How does one pay for assisted living?
Changing their living situation would get your older adult the care they need and make their living space safer.
But the big question is: how does one pay for assisted living? After all, monthly fees can range from $1,500 to more than $10,000.
Here, we share an overview of 6 ways to pay for assisted living and explain how to get help planning for major care expenses.
6 ways to pay for assisted living
1. Private savings
- If your older adult has enough savings, they could pay “out of pocket” using personal savings or income.
- Consider speaking with a reputable financial adviser to confirm that your older adult’s savings will last through the years. For a quick ballpark estimate, use this long term care cost estimator.
2. Sell their house
- Some older adults have the option of selling their house and using that money to pay for assisted living expenses.
- If the house is still on the market, but the move to assisted living needs to happen ASAP, a bridge loan could help until the home is sold. FYI, that’s a short-term loan and could be a risky choice. But it’s something to consider if you’re really stuck.
3. Long-term care insurance
- This type of insurance usually covers nursing home care, home-based health care, assisted living care, and other medical services.
- Don’t assume it won’t be affordable – check with a reputable insurance agent. Long-term care premiums are based on many factors, including:
- Benefit amount and duration
- When the company will start paying benefits
- Other factors like location
4. Veterans benefits
- In some cases, veterans benefits can cover assisted living costs.
- To qualify and apply, contact the local Veterans Affairs office
5. Reverse mortgage
- This is a special type of home loan where long-time homeowners borrow cash against the value of their home and don’t have to sell their home.
- There are three types of reverse mortgage. Speak with a reputable bank to learn about the risks and benefits.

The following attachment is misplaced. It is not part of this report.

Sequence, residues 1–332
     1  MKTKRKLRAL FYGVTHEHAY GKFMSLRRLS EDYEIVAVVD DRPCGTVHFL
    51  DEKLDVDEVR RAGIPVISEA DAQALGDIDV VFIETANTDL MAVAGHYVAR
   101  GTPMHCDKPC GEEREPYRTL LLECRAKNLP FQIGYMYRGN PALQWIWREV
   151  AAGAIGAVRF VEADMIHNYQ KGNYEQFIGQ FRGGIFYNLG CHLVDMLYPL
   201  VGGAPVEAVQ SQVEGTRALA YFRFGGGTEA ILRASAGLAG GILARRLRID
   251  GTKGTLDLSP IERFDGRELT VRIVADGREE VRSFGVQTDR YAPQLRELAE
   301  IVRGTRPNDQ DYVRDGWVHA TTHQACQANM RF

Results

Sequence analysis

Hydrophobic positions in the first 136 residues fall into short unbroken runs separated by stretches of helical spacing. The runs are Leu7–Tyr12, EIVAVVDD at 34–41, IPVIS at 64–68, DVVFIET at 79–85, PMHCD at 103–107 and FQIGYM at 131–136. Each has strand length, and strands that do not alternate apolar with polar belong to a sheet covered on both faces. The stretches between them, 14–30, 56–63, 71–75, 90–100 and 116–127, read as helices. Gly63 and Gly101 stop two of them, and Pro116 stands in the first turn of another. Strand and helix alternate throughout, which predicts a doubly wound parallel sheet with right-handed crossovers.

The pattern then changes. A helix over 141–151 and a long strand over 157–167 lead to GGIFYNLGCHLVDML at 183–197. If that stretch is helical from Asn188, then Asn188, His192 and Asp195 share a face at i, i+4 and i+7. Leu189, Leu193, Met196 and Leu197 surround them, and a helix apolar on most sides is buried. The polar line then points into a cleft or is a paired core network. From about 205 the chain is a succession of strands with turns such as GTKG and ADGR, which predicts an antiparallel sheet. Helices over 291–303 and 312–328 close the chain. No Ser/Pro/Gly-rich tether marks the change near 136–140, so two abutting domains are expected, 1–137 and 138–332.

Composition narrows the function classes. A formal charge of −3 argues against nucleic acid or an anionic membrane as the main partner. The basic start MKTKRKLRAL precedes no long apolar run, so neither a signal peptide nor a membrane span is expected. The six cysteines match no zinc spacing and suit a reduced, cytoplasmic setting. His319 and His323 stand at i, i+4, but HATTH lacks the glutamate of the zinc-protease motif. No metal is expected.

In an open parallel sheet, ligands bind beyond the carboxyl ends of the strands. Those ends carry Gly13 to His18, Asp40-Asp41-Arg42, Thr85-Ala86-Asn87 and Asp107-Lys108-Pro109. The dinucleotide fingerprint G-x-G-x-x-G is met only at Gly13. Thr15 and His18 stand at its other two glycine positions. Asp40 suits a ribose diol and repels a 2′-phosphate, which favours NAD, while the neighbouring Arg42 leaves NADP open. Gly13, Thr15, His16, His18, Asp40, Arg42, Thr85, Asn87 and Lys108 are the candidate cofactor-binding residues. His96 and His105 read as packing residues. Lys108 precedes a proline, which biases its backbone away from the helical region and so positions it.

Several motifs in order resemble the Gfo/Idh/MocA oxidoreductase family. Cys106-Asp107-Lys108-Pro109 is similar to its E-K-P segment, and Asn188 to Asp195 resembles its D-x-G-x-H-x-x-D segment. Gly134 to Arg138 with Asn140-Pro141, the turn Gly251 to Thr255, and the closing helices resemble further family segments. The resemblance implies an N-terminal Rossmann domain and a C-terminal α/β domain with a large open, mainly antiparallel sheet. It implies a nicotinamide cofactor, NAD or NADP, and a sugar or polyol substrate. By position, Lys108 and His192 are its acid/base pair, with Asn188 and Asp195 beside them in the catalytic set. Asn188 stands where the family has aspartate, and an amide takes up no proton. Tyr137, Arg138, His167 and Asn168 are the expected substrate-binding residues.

6. Medicare vs. Medicaid
- For those who qualify, Medicaid pays for long-term assisted living care.
- Medicare doesn’t pay for long-term assisted living, but may pay for short-term rehab stays, typically after an inpatient hospital stay.
Get help planning for care expenses from an elder law attorney
Paying for assisted living and other long-term care costs can be expensive and complex. That’s why it may be worthwhile to consult an elder law attorney.
An elder law attorney should be able to answer important questions like:
- Could dad qualify for Medicaid so it will pay for his care?
- How do we protect Mom’s house and assets, but still afford the care she needs?
- How do we make sure mom will have money left after all of dad’s care expenses are paid?
These are complicated questions and the answers will be different in each state and for each unique situation.
A reputable elder law attorney may be able to help figure out how to afford the care your older adult needs. The lawyer fees could be well worth it if they could save your older adult a significant amount of money.
Recommended for you:
- Find Financial Help for Seniors: 2,500+ Federal, State, and Private Benefits Programs
- How to Estimate Long Term Care Costs to Make Care Decisions Easier
- 5 Tips for Choosing a Good Elder Law Attorney
By DailyCaring Editorial Team
Image: Lincourt Manor
This article wasn’t sponsored and doesn’t contain affiliate links. For more information, see How We Make Money.